Carolyn Mazloomi

Quilting the Collective History

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African-American woman surrounded by quilts.

Carolyn Mazloomi, awarded the 2014 Bess Lomax Hawes NEA National Heritage Fellowship for advocacy in the folk and traditional arts. Photo by Chas. E. Martin

Carolyn Mazloomi is as much a storyteller as she is a quilter. A 2014 NEA National Heritage Fellow, Mazloomi uses thread and needle to create a visual narrative of the African-American community and its history, from the Selma-to-Montgomery marches to Billie Holiday to church music and traditional ring shouts. Her work has been exhibited numerous places, from the Los Angeles Folk Art Museum and New Orleans Museum of Art to the Smithsonian’s Renwick Gallery—unusual accomplishments for a woman who received her doctorate in aerospace engineering. She founded the Women of Color Quilter’s Network (WCQN) (which today boats 1,700 members) in 1985, has authored five books on African-American quilts, and has curated a number of exhibits that have brought further attention to the art form. Considered the leading expert on African-American quilts, Mazloomi recently reflected on the community she has both fostered and reflected during her three decades of “living and breathing quilts.” From an interview with NEA Folk and Traditional Arts Director Barry Bergey, here she is in her own words.

Founding the Women of Color Quilter’s Network

Quilters are so giving, like most folk artists. They’re very special people. They’re very kindhearted people and very gentle people. I really feel that the creation of artwork is spirit-guided. We as artists are endowed with something from God that propels you to create the work that you do. It’s like a little miracle. Each piece, each quilt.

But I felt that there had to be an organization to safeguard the quilters and the quilts. As I traveled the country in my work, I was astounded by the cost that galleries were commanding for quilts. And that cost was not reflected in what the quilters were getting. So I felt that there should be an organization to disseminate information to the African-American quilters about not only the historic significance of the work, but the monetary value as well. Because they didn’t have a clue. It’s terrible for collectors and scholars to steal or misappropriate from the people that they are studying.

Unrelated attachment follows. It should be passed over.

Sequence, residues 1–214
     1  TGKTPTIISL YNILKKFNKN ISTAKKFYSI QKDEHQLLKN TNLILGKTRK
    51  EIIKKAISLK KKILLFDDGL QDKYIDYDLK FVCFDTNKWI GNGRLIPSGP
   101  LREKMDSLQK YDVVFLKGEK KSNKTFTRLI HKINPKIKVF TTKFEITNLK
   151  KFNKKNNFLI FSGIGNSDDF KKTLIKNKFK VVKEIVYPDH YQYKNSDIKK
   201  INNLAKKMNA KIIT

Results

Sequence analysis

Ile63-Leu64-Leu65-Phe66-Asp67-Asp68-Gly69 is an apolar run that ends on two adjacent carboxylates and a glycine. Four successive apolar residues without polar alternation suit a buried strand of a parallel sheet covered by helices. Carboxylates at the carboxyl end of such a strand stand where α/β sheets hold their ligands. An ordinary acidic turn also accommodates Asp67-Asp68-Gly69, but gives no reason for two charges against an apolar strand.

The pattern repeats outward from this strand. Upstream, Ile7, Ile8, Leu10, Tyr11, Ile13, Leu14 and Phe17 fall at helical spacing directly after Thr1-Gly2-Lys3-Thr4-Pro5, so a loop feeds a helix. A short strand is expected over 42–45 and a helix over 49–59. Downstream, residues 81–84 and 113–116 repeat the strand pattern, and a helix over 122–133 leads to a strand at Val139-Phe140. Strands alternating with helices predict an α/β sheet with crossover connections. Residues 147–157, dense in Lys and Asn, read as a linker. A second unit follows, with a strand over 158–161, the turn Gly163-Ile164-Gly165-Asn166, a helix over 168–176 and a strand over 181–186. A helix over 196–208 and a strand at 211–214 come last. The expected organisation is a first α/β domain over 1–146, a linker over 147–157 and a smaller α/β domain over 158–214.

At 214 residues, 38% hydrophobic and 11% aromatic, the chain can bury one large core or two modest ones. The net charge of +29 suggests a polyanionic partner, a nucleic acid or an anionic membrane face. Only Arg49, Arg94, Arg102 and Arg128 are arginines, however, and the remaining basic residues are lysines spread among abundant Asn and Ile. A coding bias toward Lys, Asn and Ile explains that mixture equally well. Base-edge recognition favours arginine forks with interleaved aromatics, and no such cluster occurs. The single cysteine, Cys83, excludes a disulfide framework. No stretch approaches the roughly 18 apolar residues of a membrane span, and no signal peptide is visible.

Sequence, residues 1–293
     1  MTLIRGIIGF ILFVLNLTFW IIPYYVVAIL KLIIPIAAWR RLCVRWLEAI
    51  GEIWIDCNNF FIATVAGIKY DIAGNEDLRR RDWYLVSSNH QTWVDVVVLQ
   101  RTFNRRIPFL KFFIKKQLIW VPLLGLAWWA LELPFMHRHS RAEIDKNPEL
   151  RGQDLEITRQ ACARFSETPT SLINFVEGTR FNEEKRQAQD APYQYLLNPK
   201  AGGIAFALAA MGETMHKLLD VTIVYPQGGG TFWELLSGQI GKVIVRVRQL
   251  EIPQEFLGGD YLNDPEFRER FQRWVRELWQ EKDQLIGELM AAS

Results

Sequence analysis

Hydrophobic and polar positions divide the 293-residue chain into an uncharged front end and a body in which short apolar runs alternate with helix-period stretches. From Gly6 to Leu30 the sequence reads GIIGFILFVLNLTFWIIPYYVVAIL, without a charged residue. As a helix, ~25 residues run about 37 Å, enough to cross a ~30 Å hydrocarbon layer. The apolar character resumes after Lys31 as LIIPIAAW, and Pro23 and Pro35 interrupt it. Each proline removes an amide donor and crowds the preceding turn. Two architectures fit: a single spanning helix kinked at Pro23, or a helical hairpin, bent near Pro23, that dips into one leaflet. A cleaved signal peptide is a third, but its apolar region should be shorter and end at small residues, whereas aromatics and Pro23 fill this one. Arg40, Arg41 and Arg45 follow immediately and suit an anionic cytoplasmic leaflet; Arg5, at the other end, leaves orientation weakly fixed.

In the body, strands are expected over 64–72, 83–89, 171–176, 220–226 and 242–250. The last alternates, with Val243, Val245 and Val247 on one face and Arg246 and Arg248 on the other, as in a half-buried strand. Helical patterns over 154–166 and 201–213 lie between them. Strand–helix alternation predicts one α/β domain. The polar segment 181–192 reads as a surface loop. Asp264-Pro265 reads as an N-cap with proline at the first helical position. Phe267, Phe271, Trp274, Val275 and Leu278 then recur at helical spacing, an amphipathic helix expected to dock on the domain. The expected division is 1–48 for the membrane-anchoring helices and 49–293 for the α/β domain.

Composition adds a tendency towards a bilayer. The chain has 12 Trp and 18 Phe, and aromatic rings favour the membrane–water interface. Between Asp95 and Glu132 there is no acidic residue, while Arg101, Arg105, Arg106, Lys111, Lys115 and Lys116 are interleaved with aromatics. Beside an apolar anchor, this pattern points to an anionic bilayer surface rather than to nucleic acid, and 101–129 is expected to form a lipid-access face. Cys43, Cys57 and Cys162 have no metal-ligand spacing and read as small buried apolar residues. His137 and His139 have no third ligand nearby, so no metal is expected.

I hated to see too that the quilters gave away the work and did not leave anything within the culture, or leave anything to their families, to their children. You have to leave something behind, or we’ll wake up one day and be like folks in some parts of Africa—[much of ] the African antiquities are in Europe or European museums or American museums. All the best stuff is gone. We have to keep something for ourselves. That’s a mission for me: to find a place in American quilt history for the documentation of African-American quilts, because that’s been sorely lacking.

Respecting Variations

For decades, African Americans were not the scholars that were studying the quilts, and that caused a lot of misinformation about what African-American quilts are, what they’re about, how they look, the purpose of them. We didn’t have a say in that.

Because of early scholarship, people think in terms of the African-American quilts being improvisational, and that’s where that relationship to jazz comes in. But that’s not true, necessarily. That’s just one tiny little aspect of a quilting style that you can relate to African-American quilts. I wrote a book, Textural Rhythms: Quilting the Jazz Tradition, and in that book, there are narrative quilts as well as abstract quilts and improvisational quilts and all of those quilts related to jazz somehow. So that’s just one facet of what we do. I’m active in the quilt scholarship community to dispel the myth about what African-American quilts are all about. You cannot pigeonhole this work. It is not just about improvisation, even though early scholarship would have you think that. But that scholarship was not inclusive. The scholars were just looking at a certain set of quilts, utilitarian quilts, that came from the South, and declared that to be the definitive of what we made. We’re bigger than that. We’re broader than that. There are many styles of quilts made within the African-American community. The quilts are as varied as we are a people within the culture, so you can’t pigeonhole us.